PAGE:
Pensacola-based Baptist LifeFlight
Eurocopter EC130s and EC135s serve Florida panhandle region HEMS and hospital missions.
LifeFlight Medical Director & Emergency Medicine Physician Jim Leker on the helipad with the EC135 at Baptist Hospital in Pensacola.
Dvorak joined LifeFlight in 1987, flying the BO105, and has since transitioned through most of the system's aircraft, accumulating over 10,000 hrs in helicopters. He comments that the EC135 is "a tremendous piece of equipment that the crews have fallen in love with."
Pilots generally work 12-hr shifts, 7 days on, 7 days off. Typically, at the beginning of the shift—either 7:00 am or 7:00 pm—the pilot will report to the base and receive an outgoing briefing from the pilot going off duty regarding the status of the aircraft, the medical crew and any maintenance issues.
In preparation for his work on the shift, the oncoming pilot will review current and forecast weather, Notams and TFRs for his area of responsibility, then brief the medical crew and preflight the aircraft in preparation for the next call.
Nurse/paramedic crews reporting for duty have similar responsibilities, including an outgoing brief with the medical crew they relieve and the requirement to review the previous shift's patient medical charts.
Pilots and crew have additional duties, including stocking the aircraft with supplies, patient follow-up and training. Each base is equipped with dedicated crew areas that include bedrooms, eating facilities, Internet and TV.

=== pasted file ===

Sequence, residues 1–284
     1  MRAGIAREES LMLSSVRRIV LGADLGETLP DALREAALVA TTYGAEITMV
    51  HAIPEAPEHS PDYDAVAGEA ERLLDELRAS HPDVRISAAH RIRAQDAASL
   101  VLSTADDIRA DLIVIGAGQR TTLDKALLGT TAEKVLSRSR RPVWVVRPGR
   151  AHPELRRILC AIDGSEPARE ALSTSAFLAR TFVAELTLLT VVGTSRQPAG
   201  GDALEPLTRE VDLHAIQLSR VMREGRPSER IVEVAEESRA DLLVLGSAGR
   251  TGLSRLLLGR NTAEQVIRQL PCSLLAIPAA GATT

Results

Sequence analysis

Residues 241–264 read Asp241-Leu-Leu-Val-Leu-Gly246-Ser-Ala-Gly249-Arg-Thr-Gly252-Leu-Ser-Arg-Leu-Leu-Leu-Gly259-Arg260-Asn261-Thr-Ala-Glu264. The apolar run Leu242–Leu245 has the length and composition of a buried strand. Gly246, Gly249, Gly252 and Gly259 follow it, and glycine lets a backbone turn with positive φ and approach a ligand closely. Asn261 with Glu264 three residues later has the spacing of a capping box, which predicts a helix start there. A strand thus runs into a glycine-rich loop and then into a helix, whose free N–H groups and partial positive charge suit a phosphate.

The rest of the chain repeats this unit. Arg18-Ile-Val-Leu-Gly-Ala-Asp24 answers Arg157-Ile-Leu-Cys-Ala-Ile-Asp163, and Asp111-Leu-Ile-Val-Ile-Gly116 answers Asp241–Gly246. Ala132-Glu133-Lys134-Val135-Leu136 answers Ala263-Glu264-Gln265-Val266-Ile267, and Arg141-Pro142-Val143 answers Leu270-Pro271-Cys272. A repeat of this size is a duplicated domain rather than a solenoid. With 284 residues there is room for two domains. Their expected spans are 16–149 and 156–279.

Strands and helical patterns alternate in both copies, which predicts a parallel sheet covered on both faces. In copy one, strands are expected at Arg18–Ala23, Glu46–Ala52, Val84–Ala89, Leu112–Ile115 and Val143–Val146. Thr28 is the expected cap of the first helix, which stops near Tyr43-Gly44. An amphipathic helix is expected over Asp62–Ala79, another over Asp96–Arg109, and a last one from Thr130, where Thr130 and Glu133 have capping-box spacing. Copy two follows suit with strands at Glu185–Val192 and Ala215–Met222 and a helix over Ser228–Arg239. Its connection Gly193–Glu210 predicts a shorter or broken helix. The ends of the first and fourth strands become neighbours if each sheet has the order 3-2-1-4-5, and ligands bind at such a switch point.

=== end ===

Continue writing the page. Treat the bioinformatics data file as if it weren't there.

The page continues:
Pilot recruitment begins centrally at Air Methods home base at APA (Centennial, Denver CO), with interested candidates searching job postings on line via the Air Methods website, according to Mark Murphy, LifeFlight's lead pilot at its Mobile base. After initial screening by headquarters staff, qualified candidates are scheduled for an interview at the local base where the hiring decision is made.
Murphy explains that, while the minimum requirements are 2000 hrs TT in helicopters, in reality successful candidates have much higher qualifications.
Once hired, pilots joining Air Methods at any of the contract sites will travel to Denver for approximately 2 weeks to complete company "indoc" training, then return to the region to which they are assigned for aircraft specific training with an Air Methods instructor/evaluator.
Kevin Stanhope is LifeFlight's program director. He oversees more than 85 staff members and an $11-million budget.
All LifeFlight bases are night vision goggle (NVG) qualified, with the Pensacola operation also being IFR capable with its EC135.
Once aircraft qualification is complete, the new pilot will report to their base for orientation and area familiarization. Murphy explains that the entire process "takes 1–2 months to complete, depending on pilot experience."
All Air Methods pilots are covered by a collective bargaining agreement that stipulates base starting salary of $55,973, with additional incentives for higher aircraft certificates and ratings, ancillary responsibilities and base location differentials. Recurrent training for pilots includes the FAA required Part 135 checks plus quarterly ground and computer-based training.